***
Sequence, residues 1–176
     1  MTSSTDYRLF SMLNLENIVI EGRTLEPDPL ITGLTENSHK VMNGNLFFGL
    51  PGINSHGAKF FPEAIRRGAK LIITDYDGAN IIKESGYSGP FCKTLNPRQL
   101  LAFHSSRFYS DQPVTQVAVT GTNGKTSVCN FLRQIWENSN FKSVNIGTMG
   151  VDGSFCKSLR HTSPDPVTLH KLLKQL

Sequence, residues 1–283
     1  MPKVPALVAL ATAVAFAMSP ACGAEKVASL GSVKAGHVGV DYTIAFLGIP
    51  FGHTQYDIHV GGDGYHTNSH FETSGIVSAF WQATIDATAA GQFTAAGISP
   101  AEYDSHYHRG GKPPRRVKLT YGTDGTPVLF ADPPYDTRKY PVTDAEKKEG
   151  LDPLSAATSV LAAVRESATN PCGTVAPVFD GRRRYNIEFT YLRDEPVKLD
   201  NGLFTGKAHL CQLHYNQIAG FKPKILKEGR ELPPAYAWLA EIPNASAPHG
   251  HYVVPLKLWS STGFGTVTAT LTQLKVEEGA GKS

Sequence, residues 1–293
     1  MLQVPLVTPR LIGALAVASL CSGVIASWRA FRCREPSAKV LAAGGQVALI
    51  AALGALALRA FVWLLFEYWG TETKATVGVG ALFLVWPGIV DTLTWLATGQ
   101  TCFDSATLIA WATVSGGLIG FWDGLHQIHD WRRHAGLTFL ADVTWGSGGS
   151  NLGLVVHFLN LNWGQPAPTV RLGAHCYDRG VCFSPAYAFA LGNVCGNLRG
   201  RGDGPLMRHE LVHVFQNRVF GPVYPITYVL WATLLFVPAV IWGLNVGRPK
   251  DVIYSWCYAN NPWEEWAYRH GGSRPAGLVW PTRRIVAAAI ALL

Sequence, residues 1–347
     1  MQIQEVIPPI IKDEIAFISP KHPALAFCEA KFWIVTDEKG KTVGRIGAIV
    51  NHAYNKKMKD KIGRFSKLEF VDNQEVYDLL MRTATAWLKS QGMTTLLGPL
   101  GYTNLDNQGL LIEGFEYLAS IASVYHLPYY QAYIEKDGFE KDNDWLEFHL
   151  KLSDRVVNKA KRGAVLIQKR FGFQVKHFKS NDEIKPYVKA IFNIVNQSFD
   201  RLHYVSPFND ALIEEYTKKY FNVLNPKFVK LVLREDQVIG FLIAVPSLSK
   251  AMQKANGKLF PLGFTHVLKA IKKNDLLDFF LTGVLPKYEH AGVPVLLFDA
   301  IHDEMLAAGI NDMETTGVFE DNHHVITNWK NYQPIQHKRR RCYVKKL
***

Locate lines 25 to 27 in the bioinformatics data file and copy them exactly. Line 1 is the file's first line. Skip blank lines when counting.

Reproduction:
   201  RLHYVSPFND ALIEEYTKKY FNVLNPKFVK LVLREDQVIG FLIAVPSLSK
   251  AMQKANGKLF PLGFTHVLKA IKKNDLLDFF LTGVLPKYEH AGVPVLLFDA
   301  IHDEMLAAGI NDMETTGVFE DNHHVITNWK NYQPIQHKRR RCYVKKL